Vitamin D Lowers Risk of Type 1 Diabetes

FROM: www.Dr.

Infants who receive the recommended daily dose of vitamin D may have a lower risk of developing type 1 diabetes.

Babies who received at least 2,000 international units (IU) of vitamin D daily were nearly 80% less likely to develop type 1 diabetes over the next three decades compared with infants who had lower intakes of the vitamin.

It is not clear how vitamin D may lower the risk of type 1 diabetes, which occurs when the body’s own immune system destroys the insulin-producing cells of the pancreas. However, vitamin D has been shown to suppress certain cells of the immune system that may play a role in the development of the disorder.

As type 1 diabetes is considered to be an autoimmune disease, it seems likely that vitamin D would be needed in enabling the optimal function of the immune system and in preventing too aggressive attacks against the body’s own tissues.

Current guidelines recommend that infants receive 7.5 to 10 micrograms (mcg), or about 400 international units (IU) of vitamin D daily.

Research on animals has shown an association between vitamin D and a reduced risk of type 1 diabetes. To investigate the relationship in humans, the researchers followed more than 10,000 women who were due to give birth in 1966 in northern Finland.

New mothers recorded whether they gave vitamin D supplements to their children and how much they provided, during the first year of life. Researchers tracked the number of children who developed type 1 diabetes over 31 years.

Nearly 12% of children were given vitamin D supplements occasionally during their first year of life, 88% received regular vitamin D supplements and less than 1% were not given vitamin D. Overall, 81 children were diagnosed with diabetes during the study.

“These findings bring hope that something can be done in order to prevent the disease,” Hypponen, from the Institute of Child Health in London, UK, told Reuters Health in an interview.

But while the study may be good news for families with a history of type 1 diabetes, the results may not apply to children in countries that receive more natural sunlight. In northern Finland, there are just 2 hours of sun daily during the month of December.

Ultraviolet light triggers a reaction in the skin that helps the body synthesize its own vitamin D. People with darker skin need more sunlight than their paler counterparts.

In an accompanying editorial, Dr. Jill M. Norris from the University of Colorado in Denver adds that children who receive infant formula instead of breast milk, which contains inadequate amounts of vitamin D, may also be less likely suffer from a deficiency of vitamin D.

The Lancet November 3, 2001;358:1476-1478, 1500-1503



A previous study also found that cod liver oil taken during pregnancy was associated with reduced risk of Type I diabetes. Diabetologia 2000; 43: 1093-98.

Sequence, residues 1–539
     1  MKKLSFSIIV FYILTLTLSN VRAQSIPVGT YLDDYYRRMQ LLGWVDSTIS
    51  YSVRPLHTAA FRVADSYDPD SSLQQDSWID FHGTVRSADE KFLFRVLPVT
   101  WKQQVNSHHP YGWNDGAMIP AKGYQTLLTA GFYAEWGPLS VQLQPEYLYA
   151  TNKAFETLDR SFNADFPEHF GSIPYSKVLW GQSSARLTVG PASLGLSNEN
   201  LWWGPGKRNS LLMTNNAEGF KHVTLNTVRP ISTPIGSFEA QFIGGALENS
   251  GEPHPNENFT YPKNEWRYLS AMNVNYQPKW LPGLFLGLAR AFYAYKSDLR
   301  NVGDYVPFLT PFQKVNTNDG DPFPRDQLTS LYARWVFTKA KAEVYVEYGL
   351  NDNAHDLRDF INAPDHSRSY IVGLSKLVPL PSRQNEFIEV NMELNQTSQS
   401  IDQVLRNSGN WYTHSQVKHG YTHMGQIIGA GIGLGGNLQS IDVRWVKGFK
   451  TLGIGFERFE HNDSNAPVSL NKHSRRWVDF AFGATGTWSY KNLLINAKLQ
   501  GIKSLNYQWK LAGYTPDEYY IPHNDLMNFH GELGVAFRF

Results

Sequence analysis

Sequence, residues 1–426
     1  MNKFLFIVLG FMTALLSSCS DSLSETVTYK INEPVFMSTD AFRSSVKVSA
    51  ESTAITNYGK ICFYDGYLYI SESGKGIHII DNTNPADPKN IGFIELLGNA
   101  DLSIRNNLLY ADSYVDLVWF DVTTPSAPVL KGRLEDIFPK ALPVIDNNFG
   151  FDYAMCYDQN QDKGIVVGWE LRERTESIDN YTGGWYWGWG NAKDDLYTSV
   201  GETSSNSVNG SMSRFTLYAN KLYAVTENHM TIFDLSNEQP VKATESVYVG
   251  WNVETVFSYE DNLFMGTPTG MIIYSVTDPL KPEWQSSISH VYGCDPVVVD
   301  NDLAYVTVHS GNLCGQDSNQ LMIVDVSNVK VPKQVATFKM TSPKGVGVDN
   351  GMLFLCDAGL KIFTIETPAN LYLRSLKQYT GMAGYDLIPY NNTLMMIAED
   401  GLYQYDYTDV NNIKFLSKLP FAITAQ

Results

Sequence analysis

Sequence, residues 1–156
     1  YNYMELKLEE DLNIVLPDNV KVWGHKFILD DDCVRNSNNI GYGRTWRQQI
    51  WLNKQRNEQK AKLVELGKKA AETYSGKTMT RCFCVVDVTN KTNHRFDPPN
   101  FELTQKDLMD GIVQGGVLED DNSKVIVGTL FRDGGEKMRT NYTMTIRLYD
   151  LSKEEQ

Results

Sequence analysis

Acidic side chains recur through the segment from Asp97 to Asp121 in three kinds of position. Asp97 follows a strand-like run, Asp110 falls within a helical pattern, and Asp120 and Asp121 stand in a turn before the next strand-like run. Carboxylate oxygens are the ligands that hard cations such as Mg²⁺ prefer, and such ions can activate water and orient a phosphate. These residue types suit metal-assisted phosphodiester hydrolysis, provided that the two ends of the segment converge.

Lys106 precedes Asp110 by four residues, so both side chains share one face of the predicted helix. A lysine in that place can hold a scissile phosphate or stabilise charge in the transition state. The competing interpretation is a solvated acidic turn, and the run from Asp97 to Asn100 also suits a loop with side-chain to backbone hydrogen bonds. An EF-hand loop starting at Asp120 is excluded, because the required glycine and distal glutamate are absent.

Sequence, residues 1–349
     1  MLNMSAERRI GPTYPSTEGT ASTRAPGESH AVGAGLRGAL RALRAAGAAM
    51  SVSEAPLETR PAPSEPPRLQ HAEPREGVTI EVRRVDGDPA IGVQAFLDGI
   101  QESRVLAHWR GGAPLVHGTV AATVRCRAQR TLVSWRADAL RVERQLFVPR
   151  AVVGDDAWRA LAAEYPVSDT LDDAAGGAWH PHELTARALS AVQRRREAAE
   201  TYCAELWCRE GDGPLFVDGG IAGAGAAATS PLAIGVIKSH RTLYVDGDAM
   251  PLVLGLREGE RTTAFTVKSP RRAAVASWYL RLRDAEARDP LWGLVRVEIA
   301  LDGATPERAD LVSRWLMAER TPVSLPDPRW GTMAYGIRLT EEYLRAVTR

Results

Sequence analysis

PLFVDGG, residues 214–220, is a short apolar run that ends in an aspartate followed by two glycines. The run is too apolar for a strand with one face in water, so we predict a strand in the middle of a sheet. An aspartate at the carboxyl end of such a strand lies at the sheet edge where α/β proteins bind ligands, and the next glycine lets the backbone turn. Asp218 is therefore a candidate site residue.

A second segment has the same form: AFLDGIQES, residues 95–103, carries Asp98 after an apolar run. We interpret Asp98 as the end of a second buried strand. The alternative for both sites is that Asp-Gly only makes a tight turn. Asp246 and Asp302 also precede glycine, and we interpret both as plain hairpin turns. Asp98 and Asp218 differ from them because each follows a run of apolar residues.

The investigators believe that vitamin D might somehow inhibit the autoimmune reaction targeted towards the beta cells of the pancreas. Furthermore, impairment of immune system functioning by a suboptimum vitamin D status in infancy could have long-term effects on immune responses later in life.

Interestingly, northern Finland, which has the highest reported incidence of type 1 diabetes in the world, only receives two hours of sunlight during December.

What most people do not understand is that vitamin D is not really a vitamin, as we make more than 90% of it in our skin after being exposed to sunshine.

This article also points out something that I was never aware of before. “Between 47% and 97% of infants in European countries receive a vitamin D supplement whereas few infants in the USA are given one, and when they are, it is generally in the form of a multivitamin preparation in the USA.”

This is amazing and tragic as it is so simple to correct. All that is required is a small bit of cod liver oil. Cod liver oil has the exact type of vitamin D that you and particularly your children will need to stay healthy.

As you can read on the link below, breast milk does not contain enough vitamin D to provide for an infant’s needs, so breast fed babies are actually at a higher risk of this than formula fed babies.

I don’t normally recommend many supplements to my patients but cod liver oil in the winter is something I advise nearly every one of my patients to be on. If you live in climates where you will get regular sun exposure it is not necessary.

My current recommendation is Carlson’s lemon flavored cod liver oil as to most people it tastes like lemon melted butter.

The dose is – tsp of the oil per day for infants below six months and increase to – tsp per day after that until about five years old then one can increase the dose to one tsp per day which is also the adult dose.